Toyota Motor Manufacturing, Kentucky, Inc. v. Williams
United States Supreme Court
534 U.S. 184 (2002)
In 1990, Williams (plaintiff) began working for Toyota Motor Manufacturing, Kentucky, Inc. (Toyota) (defendant) in an automobile-manufacturing plant. Williams worked on an assembly line, performing manual tasks using her arms and hands. Williams began experiencing pain in her wrists, hands, and arms. A medical professional diagnosed Williams with carpal tunnel syndrome and imposed certain work restrictions preventing her from repetitive lifting of heavy weights. Toyota reassigned Williams to a quality-control team. For two years, Williams capably performed the assigned job duties. In 1996, Toyota began rotating quality-control employees to various teams. This required Williams to perform new tasks that once again caused her neck and shoulder pain at work, although it did not affect her ability to do routine chores at home. Williams asked Toyota to accommodate her medical condition by permitting her to perform only quality-control job duties. According to Williams, Toyota denied the request. Toyota claimed Williams began missing work on a frequent, unexcused basis. Williams was terminated for poor attendance in 1997. Williams sued Toyota, alleging disability discrimination in violation of the Americans with Disabilities Act (ADA), 42 U.S.C. § 12101 et seq. The district court held that Williams’s condition was not a disability under the ADA, but the United States Court of Appeals for the Sixth Circuit reversed. Toyota petitioned for review by the United States Supreme Court.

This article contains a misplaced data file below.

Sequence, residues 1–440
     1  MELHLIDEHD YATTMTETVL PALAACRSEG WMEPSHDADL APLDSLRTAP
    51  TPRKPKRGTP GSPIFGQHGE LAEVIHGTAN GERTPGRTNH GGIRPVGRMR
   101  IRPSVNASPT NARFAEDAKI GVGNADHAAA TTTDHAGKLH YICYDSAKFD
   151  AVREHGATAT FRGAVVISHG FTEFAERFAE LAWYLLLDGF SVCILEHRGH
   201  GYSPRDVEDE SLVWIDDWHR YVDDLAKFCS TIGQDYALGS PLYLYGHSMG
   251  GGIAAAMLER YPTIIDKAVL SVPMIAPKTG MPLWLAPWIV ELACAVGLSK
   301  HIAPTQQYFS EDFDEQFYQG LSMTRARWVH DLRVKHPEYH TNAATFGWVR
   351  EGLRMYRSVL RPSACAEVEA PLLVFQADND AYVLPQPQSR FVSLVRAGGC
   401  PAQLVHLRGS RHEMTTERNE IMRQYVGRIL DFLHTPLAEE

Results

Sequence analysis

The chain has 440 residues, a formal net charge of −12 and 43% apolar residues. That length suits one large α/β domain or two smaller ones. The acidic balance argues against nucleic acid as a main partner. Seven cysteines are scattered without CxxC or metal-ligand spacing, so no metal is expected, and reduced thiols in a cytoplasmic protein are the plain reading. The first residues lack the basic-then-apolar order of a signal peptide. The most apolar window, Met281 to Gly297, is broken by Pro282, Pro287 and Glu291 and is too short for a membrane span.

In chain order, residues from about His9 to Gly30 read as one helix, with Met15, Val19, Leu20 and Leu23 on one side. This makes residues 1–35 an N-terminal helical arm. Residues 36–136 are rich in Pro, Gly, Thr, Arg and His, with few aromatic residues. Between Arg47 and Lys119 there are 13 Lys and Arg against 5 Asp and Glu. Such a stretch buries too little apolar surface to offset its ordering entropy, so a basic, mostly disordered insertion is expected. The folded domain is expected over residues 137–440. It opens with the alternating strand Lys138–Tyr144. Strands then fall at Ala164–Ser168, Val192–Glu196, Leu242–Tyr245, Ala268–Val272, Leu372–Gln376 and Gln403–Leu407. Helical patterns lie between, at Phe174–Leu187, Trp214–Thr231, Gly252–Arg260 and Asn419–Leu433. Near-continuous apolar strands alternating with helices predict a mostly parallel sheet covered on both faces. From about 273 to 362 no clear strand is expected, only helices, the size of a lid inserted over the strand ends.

Rule of Law
Holding and Reasoning (O’Connor, J.)
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